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Mondovino reviewed

Inside every fat person is a thin one trying to get out, they say. And inside Mondovino is a fascinating 90-minute film, suffocating.

Weighing in at two-and-a-quarter hours it’s too long. It is going to be made into a 10-part series, but as a feature it needs to lose at least 45 minutes.

The basic premise, when you fight through the flab, is sound. Director Jonathan Nossiter (whose credits include a number of documentaries and films with David Suchet and Charlotte Rampling, one of which won Best Film at the Sundance Film Festival) has made a morality play.

The argument is that the soul of wine, ‘the guardian of western civilisation’ (as he describes it in the film notes) is being torn out by globalisation.

Michel Rolland (laughing throughout – all the way to the bank, one imagines) is cast as a globe-trotting Machiavel, his Pomerol base a devil’s laboratory of white-coated technicians and processed bottles. He gleefully lists the 12 countries in which he makes wine, while his nemesis, Aime Guibert of Daumas Gassac in the town of Aniane in the Languedoc, can’t find words to describe him.

‘Bordeaux worships only money,’ Guibert says. ‘Michel Rolland?’ he is at a loss for words. ‘He is another… species.’

Guibert seems to have right on his side. He endlessly justifies his stand against the Mondavi Corporation, which two years ago wanted to develop forest land in Aniane.

Here it gets interesting. What exactly happened during ‘L’Affaire Mondavi’, which the Aniane townsfolk fear to talk about. Why, if Guibert was so implacably opposed to globalisation in the form of Mondavi, did he welcome Gerard Depardieu and his billionaire partner Bernard Magrez? Was it that Mondavi offered too little to buy Guibert out?

There are some gems: two father and son double acts stand out. First there’s the mutual respect and affection between Volnay producer Hubert de Montille and his son Etienne (‘You’ve got no sense of humour, Etienne – you never did have’), and then there’s Robert and Michael Mondavi. You have to know the strife-torn history of Napa’s first family to truly relish the expression on Robert’s face when Michael says, ‘You know what floating the company on Nasdaq did? It brought our father back to us.’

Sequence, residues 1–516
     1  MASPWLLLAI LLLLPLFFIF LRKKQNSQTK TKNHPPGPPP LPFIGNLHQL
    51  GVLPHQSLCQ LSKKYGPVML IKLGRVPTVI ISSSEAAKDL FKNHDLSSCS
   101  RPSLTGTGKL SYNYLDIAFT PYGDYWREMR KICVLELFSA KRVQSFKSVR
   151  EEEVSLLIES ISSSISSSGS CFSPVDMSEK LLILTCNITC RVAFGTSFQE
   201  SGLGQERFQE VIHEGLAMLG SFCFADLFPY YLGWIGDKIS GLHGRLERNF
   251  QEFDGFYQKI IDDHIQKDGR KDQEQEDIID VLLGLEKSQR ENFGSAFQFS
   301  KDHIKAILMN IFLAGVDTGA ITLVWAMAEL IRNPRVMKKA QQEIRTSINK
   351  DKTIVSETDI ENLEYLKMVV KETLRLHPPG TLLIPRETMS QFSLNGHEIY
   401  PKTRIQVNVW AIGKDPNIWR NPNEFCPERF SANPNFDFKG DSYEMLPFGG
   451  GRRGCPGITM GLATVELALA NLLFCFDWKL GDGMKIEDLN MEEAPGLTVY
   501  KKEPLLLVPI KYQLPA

Then there’s Michael Broadbent, in one of the most illuminating moments, telling us how Chateau Kirwan in Margaux found success as soon as Rolland took over in 1993. Its taste became global, he says. It’s no more Margaux than Opus One, ‘but it’s selling, so what the hell can you say?’

Nossiter has charmed his way into the households of some of the most fascinating characters in the modern wine world, and he gets them to drop their guards. Robert Parker talks about himself – hubristically – in the third person. Vittorio Frescobaldi flits petulantly about his tapestried drawing rooms; Bernard Magrez describes his brutal childhood only to suggest he meted out more or less of the same to his son.

But the editing’s too clever. ‘Michel Rolland, he’s always laughing,’ Guibert says – as we cut to a shot of the great global chancer chuckling in the back of his Mercedes. Shari Staglin (of cult Napa producer Staglin Family Vineyards) seems to patronise her Mexican pickers, while Etienne de Montille sits picnicking with his vineyard workers.

It’s a little too convenient. Nossiter wants to make the case that big equals bad, small and local equals good. He lines up his targets, smilingly gives them lengths of rope and allows them to hang themselves.

This is a film packed with notable moments but you’re left with the feeling that you’ve been sitting at a very long, intemperate lunch with unresolved arguments flying back and forth.

And recent events have made the whole thing very poignant. Since the film was made, Robert Mondavi Corporation has announced it is selling up – with a possibility of being bought by the biggest wine company in the world, Constellation Brands. There’s a message there somewhere.

Mondovino opens in the UK on 10 December

Written by Adam Lechmere

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